When you set your level of risk tolerance, think of the worst day in the market that you have experienced and how that makes you feel. Risk tolerance always looks better on good days and amplifies for the worst on bad days!
Think of your portfolio as a basket of companies, not prices and returns. We focus on quality, on franchises with high barriers to entry, free cash flow and dividend growing companies. We emphasize the importance of managing risk to the downside, and we also focus on asset allocation. Asset allocation relies on the concept that different asset classes offer returns that are not perfectly correlated (i.e. they don’t move in tandem). Unfortunately, this did not work out too well last year (see graph below), yet in 2010, Roger G. Ibbotson and colleagues**** studied 10 years of returns 5 for more than 5000 mutual funds in order to measure the relative importance of asset allocation policy vs. active management. Taken together, market return and asset allocation policy return in excess of market return dominate active portfolio management and are collectively the dominant determinant of total return variations. What is the takeaway? It is important to “be” in the market and “doing” a strategic asset allocation that you can live with, even when volatility returns to being what it has always been.
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*Financial Analyst Journal. CFA Institute 3Q2018 (Volatility Lessons)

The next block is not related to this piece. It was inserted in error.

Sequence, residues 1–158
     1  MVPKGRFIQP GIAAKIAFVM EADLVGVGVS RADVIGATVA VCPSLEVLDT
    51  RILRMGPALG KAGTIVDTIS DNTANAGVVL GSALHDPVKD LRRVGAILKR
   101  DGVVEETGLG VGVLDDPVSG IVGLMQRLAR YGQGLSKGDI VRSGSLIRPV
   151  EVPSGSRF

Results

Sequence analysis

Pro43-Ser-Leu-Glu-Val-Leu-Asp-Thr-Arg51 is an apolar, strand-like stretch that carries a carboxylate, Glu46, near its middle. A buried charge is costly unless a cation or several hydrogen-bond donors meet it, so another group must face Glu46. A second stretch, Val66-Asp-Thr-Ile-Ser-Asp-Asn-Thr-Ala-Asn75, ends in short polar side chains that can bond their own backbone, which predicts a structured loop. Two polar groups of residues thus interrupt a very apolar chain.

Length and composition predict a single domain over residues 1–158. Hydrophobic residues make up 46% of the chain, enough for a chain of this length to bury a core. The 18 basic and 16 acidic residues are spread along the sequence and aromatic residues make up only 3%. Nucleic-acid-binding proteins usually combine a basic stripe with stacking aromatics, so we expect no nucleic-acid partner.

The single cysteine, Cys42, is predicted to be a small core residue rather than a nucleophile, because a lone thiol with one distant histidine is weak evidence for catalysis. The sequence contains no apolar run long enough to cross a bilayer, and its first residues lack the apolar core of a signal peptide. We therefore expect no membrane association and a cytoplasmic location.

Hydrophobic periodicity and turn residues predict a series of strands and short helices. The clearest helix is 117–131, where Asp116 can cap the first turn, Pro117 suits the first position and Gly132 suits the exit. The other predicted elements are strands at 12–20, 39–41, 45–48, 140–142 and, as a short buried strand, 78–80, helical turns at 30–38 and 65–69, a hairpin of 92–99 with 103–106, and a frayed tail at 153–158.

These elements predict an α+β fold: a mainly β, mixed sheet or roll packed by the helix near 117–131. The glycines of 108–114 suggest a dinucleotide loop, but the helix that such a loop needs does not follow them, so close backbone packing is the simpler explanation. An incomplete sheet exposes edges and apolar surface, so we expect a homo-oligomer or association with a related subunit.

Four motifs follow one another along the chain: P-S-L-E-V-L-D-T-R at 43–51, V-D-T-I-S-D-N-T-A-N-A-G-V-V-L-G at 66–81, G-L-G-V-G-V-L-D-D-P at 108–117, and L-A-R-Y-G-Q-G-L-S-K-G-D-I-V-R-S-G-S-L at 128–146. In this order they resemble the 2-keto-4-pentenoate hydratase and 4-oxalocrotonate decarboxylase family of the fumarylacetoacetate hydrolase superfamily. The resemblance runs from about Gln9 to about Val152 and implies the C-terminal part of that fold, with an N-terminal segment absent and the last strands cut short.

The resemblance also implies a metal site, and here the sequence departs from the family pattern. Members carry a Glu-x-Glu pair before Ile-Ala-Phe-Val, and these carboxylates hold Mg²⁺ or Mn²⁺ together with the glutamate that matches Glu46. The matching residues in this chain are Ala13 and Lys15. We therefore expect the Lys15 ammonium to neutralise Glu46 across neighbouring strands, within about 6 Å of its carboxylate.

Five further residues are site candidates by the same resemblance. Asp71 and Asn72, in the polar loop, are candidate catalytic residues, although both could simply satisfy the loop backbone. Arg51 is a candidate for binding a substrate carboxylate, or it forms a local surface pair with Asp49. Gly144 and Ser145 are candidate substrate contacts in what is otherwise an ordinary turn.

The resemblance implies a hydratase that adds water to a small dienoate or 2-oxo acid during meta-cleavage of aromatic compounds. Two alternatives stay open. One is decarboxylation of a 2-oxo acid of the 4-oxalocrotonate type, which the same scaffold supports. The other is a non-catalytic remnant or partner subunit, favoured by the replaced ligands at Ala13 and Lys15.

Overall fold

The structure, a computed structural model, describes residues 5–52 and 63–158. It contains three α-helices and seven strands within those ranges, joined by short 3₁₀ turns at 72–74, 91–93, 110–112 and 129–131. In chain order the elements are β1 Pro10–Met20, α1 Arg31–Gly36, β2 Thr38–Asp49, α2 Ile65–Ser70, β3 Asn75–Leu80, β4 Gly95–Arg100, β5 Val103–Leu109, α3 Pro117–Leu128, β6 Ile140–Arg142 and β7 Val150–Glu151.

**The monthly equity premium is the difference between the monthly return on the value-weighted portfolio of NYSE/AMEX/NASDAQ stocks (Market) and the one-month Treasury Bill rate.
***These probabilities are from simulations that use known expected premium (realized monthly returns of 1963-2016) to construct long horizon returns. As we do not know the true expected equity premium, the added source of return uncertainty increases the dispersion of premiums.
****James X Siong, CFA, Thomas M. Idzorek, CFA and Peng Chen, CFA
*****“The equal importance of Asset allocation and Active Management” – http://cfa.is/xhl1ZR. portfolio’s total return can be decomposed into three components: (1) the market return, (2) the asset allocation policy return in excess of the market return, and (3) the return from active portfolio management (see, e.g., Bailey, Richards, and Tierney 2007; Solnik and McLeavey 2003). The “total return” of the portfolio or fund is the return net of all expenses and fees. Our measure of the “market return” is the equally weighted return for a given period for all the funds in the applicable universe. The “asset allocation policy return” refers to the static asset allocation (beta) return of the fund; intuitively, the asset allocation policy return in excess of the market return is the static asset allocation (beta) return less the market return. The “active portfolio management return” refers to the remaining returns from security selection, tactical asset allocation, and fees.
Important Disclosures: The information contained herein is provided for general informational and illustrative purposes only and should not be considered investment advice. Neither BBVA Wealth Solutions, Inc. nor any of its affiliates are providing tax, legal or accounting advice. Please consult your individual tax, legal or accounting professional for advice regarding your particular circumstances.